Guest lecture focuses on 'fake news' phenomena
Russell Frank, Ph.D., associate professor of communications at Penn State, will be the featured speaker for the March Faculty Invitational Lecture Series at Penn State Lehigh Valley. Frank will present, "News, Abused: How and Why Jokers and Dirty Tricksters Create Fake News Stories and Photographs from Real Ones," at 12:15 p.m., on Thursday, March 25, in the auditorium (room 135) at the campus in Center Valley. This lecture is free and open to the public.
"From Jon Stewart, Stephen Colbert, and Saturday Night Live on TV, to digitally altered photographs and bogus news stories on the Internet, we are awash in words and images that look and sound like real news, but aren't," says Frank. "This presentation will attempt to make some sense out of this phenomenon."
During the lecture, Frank will include several examples of "fake news," summarize the efforts of the indefatigable debunkers at snopes.com and urbanlegends.com to track the various distortions to their sources, and consider what he calls a curious paradox: that the credibility of false stories and photos rests on the credibility of the mainstream news media, even as the fakes contribute to the undermining of the credibility of the mainstream news media.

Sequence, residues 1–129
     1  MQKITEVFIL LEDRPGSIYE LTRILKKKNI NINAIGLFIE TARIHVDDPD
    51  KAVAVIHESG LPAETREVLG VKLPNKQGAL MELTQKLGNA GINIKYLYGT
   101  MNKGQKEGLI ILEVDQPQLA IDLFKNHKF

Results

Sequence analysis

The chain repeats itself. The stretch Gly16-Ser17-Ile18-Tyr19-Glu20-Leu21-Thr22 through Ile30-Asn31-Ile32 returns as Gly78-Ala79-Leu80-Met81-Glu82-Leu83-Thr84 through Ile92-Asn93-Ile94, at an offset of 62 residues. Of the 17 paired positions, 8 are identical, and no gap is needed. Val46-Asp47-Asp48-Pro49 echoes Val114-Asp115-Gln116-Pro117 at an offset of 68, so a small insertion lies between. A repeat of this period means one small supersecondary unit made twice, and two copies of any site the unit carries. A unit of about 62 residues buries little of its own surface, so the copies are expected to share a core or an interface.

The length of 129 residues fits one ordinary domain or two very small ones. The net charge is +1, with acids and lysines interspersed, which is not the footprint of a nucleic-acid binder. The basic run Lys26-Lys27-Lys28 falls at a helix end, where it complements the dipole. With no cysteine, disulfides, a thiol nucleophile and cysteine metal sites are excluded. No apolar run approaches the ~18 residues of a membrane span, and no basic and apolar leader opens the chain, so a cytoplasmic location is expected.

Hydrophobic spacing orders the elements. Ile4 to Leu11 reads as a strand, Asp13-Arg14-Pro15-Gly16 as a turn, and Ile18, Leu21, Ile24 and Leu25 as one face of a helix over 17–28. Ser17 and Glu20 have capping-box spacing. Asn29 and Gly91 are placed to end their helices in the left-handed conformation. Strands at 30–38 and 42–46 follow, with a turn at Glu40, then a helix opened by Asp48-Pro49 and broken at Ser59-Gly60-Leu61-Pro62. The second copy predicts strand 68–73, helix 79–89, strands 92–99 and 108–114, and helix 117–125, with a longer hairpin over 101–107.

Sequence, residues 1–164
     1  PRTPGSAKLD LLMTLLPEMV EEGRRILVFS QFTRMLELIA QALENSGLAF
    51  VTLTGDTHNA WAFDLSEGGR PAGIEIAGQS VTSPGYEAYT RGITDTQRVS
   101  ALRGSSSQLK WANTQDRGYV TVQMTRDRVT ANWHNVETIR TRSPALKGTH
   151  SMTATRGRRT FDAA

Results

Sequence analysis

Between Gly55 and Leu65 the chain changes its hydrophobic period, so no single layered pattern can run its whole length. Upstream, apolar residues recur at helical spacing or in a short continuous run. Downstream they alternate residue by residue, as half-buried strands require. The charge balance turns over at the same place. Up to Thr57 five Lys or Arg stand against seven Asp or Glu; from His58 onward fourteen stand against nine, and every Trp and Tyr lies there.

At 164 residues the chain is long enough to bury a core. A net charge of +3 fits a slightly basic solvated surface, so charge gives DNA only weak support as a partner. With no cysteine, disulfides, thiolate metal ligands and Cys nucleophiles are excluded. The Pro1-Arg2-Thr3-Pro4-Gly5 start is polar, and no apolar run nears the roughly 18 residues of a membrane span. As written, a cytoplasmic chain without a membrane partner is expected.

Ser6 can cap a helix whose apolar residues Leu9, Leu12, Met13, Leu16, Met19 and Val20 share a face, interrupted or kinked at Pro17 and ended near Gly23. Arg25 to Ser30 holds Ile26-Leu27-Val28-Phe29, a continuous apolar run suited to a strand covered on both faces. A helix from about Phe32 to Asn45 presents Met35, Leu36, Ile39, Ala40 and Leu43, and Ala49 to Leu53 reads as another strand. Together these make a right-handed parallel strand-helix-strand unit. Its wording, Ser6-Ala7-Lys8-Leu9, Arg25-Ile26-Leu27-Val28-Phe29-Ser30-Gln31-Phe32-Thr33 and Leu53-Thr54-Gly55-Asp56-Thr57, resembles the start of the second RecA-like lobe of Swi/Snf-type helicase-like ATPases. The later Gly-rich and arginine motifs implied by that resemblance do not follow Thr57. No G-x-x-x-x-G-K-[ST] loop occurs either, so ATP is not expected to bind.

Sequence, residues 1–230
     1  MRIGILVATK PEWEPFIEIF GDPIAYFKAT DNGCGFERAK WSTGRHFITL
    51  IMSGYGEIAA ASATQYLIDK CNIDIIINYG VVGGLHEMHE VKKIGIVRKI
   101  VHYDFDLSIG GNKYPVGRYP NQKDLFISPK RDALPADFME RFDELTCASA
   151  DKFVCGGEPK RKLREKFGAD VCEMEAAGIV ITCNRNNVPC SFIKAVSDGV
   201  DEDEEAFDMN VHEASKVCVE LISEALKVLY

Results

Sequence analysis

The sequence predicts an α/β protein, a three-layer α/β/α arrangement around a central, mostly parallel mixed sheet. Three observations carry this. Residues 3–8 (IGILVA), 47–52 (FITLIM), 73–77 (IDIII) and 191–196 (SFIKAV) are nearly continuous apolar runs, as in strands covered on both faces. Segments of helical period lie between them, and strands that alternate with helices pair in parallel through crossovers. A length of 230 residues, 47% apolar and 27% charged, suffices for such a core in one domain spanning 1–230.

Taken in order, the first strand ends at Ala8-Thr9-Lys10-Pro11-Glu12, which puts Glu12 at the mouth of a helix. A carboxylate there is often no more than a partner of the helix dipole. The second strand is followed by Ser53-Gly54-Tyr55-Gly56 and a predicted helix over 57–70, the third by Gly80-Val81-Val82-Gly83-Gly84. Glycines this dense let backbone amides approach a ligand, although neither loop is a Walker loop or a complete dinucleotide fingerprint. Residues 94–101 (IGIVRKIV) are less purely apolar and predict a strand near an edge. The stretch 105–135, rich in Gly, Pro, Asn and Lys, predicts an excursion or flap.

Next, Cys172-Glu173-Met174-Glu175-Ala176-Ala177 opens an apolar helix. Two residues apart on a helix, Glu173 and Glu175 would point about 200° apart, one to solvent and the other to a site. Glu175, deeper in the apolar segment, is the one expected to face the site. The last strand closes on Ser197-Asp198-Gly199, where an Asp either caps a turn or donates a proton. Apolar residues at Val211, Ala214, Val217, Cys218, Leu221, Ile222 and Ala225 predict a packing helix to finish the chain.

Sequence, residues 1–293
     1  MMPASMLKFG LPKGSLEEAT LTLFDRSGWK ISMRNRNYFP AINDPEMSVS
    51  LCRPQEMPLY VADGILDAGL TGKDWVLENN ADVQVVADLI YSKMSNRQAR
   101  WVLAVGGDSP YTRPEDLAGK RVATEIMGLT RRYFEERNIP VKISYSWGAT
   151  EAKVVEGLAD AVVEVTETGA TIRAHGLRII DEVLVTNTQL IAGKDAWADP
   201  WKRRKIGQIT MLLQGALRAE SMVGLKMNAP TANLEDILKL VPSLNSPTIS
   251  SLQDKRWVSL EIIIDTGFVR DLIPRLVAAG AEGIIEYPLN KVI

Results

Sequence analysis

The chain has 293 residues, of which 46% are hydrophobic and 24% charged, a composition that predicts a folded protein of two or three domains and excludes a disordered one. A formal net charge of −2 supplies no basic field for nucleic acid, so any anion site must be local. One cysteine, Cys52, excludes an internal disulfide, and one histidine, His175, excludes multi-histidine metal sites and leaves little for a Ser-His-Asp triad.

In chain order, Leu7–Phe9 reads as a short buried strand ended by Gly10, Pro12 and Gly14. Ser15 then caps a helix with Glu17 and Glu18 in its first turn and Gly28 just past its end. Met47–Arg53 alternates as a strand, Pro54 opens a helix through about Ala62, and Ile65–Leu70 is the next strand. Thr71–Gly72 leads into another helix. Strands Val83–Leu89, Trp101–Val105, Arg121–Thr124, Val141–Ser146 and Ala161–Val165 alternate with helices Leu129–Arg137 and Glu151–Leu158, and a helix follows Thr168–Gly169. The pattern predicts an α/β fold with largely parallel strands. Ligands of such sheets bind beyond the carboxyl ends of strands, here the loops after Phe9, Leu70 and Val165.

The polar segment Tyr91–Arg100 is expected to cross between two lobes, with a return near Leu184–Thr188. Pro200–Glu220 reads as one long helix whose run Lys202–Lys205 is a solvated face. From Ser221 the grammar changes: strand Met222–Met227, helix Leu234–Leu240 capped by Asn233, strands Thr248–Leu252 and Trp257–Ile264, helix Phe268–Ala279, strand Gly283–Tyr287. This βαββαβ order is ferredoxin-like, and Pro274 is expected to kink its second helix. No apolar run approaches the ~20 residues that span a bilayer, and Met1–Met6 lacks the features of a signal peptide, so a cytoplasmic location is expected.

Professor Frank worked for newspapers as a reporter and editor for 12 years before joining the College of Communications faculty at Penn State in 1998. His journalism and mass communications research reflects his graduate training in folklore. He has written about the newsroom as a folk culture and news stories as folk narratives and is currently working on a book to be called, "Newslore." As the title suggests, the book is about topical folklore – jokes, legends and digitally altered photographs – inspired by the content and style of news reports. He received his doctorate from the University of Pennsylvania.
For more information, please contact University Relations at 610-285-5067 or email firstname.lastname@example.org.